OPINION: Rejecting hate speech isn’t stifling Israel criticism; it’s fighting antisemitism

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OPINION: Rejecting hate speech isn’t stifling Israel criticism; it’s fighting antisemitism

A swastika on the streets of London in 2024 is NOT a symbol of political protest. It is a symbol of genocide, racism and antisemitism, writes Karen Pollock

A man carries a tote bag showing a Swastika/Star of David design, struck through in red. © Amstel Adams/ Alamy Live News
A man carries a tote bag showing a Swastika/Star of David design, struck through in red. © Amstel Adams/ Alamy Live News

Next week, the Jewish community will come together for Yom HaShoah, the day when we remember the six million Jewish men, women and children murdered in the Holocaust, just for being Jewish.

Nearly 80 years ago, when the concentration and death camps of Europe were liberated and the Shoah ended, in many cases survivors were alone. They were the sole members of their families, communities and for some, entire villages and towns. Many tried to return home only to find that their houses were no longer theirs and they were no longer welcome. Some found refuge in the UK, some in the United States, but most ended up in what is now the State of Israel.

Fast forward to today and the Nazis, their leaders and their symbols, have become almost synonymous for ultimate evil. Online, we see this result in the phenomenon of Godwin’s law: the idea that the longer an online discussion continues, the more likely it is that someone stresses their point by using a comparison to the Nazis. However, what may have begun as an online phenomenon has now truly cemented itself into the real world.

Whether individuals donning a yellow star to protest pandemic restrictions or environmental groups using Holocaust related language to warn against inaction on climate change – it seems that the only way you can make your point heard is by trivialising the murder of the six million. It is hurtful, it is wrong, and it is an insult to victims and to the survivors who see the Holocaust being deliberately used and misused.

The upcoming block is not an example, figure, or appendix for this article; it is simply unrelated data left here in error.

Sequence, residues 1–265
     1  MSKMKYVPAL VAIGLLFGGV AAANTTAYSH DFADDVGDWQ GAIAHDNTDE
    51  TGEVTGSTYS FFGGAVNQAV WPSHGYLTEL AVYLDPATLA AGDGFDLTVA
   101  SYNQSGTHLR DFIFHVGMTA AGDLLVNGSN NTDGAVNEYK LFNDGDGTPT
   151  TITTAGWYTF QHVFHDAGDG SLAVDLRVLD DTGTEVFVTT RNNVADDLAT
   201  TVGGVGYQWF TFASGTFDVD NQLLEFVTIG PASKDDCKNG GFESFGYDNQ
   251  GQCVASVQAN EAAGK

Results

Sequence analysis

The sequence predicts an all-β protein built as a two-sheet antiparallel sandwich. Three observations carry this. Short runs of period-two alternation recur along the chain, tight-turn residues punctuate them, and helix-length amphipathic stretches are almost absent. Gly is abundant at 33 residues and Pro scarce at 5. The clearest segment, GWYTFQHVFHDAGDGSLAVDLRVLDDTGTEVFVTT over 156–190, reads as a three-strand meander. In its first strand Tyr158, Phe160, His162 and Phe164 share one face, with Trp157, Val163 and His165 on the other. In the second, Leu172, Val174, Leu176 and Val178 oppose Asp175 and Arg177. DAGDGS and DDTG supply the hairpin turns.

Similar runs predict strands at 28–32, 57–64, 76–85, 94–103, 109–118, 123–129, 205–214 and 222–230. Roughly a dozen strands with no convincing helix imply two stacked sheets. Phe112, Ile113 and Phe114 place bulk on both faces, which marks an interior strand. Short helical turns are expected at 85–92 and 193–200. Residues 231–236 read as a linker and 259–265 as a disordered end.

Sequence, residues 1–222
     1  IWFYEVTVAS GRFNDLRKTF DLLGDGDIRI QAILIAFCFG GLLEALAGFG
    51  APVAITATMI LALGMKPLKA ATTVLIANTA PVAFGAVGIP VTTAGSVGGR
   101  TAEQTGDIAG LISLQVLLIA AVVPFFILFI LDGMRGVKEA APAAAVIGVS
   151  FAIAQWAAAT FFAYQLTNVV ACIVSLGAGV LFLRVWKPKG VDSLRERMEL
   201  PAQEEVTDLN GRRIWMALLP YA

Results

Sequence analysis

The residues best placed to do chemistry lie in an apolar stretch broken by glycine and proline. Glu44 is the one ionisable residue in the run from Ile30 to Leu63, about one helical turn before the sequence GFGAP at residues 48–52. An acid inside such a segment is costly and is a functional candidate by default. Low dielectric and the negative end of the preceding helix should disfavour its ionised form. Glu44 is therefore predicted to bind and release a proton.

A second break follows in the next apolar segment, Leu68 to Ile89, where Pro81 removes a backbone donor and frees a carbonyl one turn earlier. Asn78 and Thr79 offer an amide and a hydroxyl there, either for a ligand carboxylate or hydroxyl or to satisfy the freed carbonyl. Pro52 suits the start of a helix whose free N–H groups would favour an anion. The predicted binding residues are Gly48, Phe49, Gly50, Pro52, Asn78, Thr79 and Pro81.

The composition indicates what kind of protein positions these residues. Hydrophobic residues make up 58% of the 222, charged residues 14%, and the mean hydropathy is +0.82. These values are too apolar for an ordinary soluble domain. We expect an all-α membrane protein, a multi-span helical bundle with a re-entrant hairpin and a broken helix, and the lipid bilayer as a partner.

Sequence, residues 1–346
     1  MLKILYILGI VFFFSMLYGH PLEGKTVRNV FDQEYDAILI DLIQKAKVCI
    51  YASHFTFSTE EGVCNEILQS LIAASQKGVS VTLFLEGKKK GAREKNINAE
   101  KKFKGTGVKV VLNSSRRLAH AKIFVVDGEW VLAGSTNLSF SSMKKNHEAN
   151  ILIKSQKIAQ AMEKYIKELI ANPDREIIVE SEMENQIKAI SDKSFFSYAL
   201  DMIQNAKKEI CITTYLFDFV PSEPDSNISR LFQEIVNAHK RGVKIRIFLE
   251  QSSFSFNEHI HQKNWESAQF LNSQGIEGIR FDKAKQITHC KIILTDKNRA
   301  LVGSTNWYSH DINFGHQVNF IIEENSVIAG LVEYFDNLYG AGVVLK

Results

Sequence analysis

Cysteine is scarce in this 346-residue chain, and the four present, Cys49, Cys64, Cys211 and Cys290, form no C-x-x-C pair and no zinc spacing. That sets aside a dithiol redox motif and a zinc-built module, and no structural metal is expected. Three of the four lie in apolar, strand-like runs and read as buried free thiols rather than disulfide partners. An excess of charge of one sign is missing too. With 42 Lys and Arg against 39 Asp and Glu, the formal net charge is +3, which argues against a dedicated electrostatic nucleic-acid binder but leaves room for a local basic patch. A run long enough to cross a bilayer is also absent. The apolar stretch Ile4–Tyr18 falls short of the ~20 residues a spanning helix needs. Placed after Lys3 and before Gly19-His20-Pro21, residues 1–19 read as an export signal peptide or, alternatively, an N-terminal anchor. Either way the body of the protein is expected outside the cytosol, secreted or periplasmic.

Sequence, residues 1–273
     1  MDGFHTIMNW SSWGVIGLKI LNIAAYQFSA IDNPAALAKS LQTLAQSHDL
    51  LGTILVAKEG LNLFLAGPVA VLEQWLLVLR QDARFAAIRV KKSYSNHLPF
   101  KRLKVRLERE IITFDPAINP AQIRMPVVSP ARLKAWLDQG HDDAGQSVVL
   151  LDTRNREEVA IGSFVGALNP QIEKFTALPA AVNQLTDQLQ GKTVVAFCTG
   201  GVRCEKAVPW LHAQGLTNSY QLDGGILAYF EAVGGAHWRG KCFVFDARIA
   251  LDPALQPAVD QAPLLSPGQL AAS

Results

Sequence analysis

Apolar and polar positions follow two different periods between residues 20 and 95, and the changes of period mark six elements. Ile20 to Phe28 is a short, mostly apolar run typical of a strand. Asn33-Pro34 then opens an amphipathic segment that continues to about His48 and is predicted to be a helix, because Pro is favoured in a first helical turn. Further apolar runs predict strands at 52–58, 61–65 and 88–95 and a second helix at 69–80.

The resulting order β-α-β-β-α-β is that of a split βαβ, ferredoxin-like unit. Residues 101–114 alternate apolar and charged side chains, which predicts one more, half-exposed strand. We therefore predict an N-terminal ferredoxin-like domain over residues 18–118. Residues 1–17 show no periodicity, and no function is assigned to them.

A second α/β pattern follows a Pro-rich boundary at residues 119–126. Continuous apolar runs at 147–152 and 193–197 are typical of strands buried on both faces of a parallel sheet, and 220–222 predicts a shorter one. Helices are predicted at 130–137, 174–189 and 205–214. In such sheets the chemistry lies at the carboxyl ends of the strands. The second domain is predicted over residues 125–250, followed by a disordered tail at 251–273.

Karen Pollock of HET (Blake Ezra Photography Ltd)

Perhaps even more shameful, is the practice of deliberately abusing the Holocaust to attack the State of Israel. Since 7 October, the streets of Britain have been flooded with protesters not calling for the release of the hostages and not condemning Hamas terrorists. While some might be calling for peace, we see others equating the Jewish star of David to the swastika, Israeli leaders to Hitler and Zionism to fascism. We even saw the Holocaust memorial in Hyde Park covered up – apparently as a precautionary measure.

If a memorial to the six million Jewish men, women and children who were murdered during the Holocaust has to be hidden out of fear that it will be desecrated, this should serve as a warning. Many survivors rebuilt their lives here cherishing shared values of freedom, democracy and respect. These values feel under threat.

This year, as we mark Yom HaShoah, we must remember the past while also addressing the antisemitism we are seeing today. We have to be clear in saying there is no excuse, no additional context, for carrying a swastika on the streets of London. It is not a symbol of political protest. It is a symbol of genocide, racism and antisemitism.

There can be no excuse for comparing Israeli leaders to Hitler. The Nazis tried to eradicate the Jewish people in their entirety, no matter where they were. Their mission was to exterminate all Jews, because they were Jews. These comparisons do not add weight to an argument, they make its proponents racist. It is an abuse of the memory of the victims and a distortion of the Holocaust, a pernicious form of antisemitism.

We all want to see peace and stability in the region and an end to the tragic loss of life. Calling out this hate speech is not silencing criticism of Israel, it is demanding that antisemitism has no place on our streets or in our society. On Yom HaShoah, it is not too much to ask for.

  • Karen Pollock, chief executive, Holocaust Educational Trust
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